Census schedules were taken on large sheets of paper with pre-printed rows and columns. They are bound into volumes, arranged by county, then by township and enumeration district. The Census contains the 1861 census for the province of Ontario. At this time Ontario was not yet part of the Dominion of Canada but was called Canada West. The census taker took the information on the census day starting January 14, 1861. Census takers were asked to record information about all those who were in each household on the census day. A census taker might have visited a house on a later date, but the information he collected was supposed to be about the people who were in the house on the census day.  
  
The Census contains the 1861 census for the province of Ontario. At this time Ontario was not yet part of the Dominion of Canada, but was called Canada West. The census taker took the information on the census day starting January 14, 1861. Census takers were asked to record information about all those who were in each household on the census day. A census taker might have visited a house on a later date, but the information he collected was supposed to be about the people who were in the house on the census day. Enumeration was by census district. Census districts were voting districts, not counties, although most have the same names as counties. For the most part, census districts were synonymous with cities and counties, and sub districts were synonymous with towns, townships, and city wards. Villages, small towns, and parishes were generally enumerated as part of the township in which they were located. Census district and county boundaries were not always the same and there were many variations from location to location.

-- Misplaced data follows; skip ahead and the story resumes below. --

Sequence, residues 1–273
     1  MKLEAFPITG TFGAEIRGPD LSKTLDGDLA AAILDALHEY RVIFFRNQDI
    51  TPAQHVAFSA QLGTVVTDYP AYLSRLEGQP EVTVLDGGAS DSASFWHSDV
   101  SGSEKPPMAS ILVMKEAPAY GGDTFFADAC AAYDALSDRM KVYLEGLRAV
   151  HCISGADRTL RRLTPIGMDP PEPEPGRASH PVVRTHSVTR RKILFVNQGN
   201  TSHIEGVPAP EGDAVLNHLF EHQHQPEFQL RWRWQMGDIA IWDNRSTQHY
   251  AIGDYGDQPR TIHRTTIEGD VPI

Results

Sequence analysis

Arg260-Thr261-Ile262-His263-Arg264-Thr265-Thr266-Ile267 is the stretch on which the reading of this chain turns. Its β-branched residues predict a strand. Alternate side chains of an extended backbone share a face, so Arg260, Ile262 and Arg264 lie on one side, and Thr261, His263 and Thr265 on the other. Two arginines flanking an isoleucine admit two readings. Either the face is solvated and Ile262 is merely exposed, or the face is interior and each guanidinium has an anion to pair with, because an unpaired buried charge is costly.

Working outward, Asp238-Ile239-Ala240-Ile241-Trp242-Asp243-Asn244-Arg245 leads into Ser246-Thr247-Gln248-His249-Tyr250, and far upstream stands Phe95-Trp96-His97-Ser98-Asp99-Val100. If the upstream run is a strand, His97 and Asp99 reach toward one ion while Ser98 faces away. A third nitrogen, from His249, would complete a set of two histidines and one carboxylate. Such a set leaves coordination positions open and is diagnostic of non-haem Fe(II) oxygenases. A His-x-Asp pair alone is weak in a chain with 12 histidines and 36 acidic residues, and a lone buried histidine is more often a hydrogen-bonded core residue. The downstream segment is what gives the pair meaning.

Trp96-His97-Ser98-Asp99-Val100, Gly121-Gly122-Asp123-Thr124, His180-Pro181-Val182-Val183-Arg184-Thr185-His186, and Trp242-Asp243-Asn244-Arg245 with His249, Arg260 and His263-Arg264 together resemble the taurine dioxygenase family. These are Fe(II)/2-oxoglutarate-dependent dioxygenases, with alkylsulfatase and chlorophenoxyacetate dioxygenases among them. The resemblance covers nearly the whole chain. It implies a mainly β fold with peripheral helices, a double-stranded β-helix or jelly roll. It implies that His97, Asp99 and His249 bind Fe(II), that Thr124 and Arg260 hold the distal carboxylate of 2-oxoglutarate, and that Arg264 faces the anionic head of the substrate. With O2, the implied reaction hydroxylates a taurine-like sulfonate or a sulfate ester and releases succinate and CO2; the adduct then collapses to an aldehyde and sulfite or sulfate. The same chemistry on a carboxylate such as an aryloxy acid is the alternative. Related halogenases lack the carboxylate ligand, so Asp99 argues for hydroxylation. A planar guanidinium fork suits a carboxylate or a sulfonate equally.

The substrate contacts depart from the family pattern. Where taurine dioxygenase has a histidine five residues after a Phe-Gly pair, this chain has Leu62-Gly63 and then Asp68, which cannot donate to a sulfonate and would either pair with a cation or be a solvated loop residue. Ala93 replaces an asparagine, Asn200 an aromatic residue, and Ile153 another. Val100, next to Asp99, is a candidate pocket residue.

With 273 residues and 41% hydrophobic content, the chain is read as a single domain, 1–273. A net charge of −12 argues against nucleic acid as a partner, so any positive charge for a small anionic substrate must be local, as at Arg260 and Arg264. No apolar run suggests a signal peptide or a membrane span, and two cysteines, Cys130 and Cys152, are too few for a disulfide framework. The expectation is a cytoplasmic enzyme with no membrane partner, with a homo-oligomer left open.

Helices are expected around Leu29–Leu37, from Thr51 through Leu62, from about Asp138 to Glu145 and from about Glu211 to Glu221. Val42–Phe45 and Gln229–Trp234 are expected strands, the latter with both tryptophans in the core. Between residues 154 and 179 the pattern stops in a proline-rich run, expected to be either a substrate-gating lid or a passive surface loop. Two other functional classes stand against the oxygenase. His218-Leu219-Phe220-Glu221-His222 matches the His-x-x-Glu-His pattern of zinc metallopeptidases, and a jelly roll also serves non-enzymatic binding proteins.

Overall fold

+
Enumeration was by census district. Census districts were voting districts, not counties, although most have the same names as counties. For the most part, census districts were synonymous with cities and counties, and sub districts were synonymous with towns, townships, and city wards. Villages, small towns, and parishes were generally enumerated as part of the township in which they were located. Census district and county boundaries were not always the same and there were many variations from location to location. Canadian census records were taken to enumerate the population for representation, taxation, and other purposes.  
  
Canadian census records were taken to enumerate the population for representation, taxation, and other purposes.
+
== What Can these Records Tell Me? ==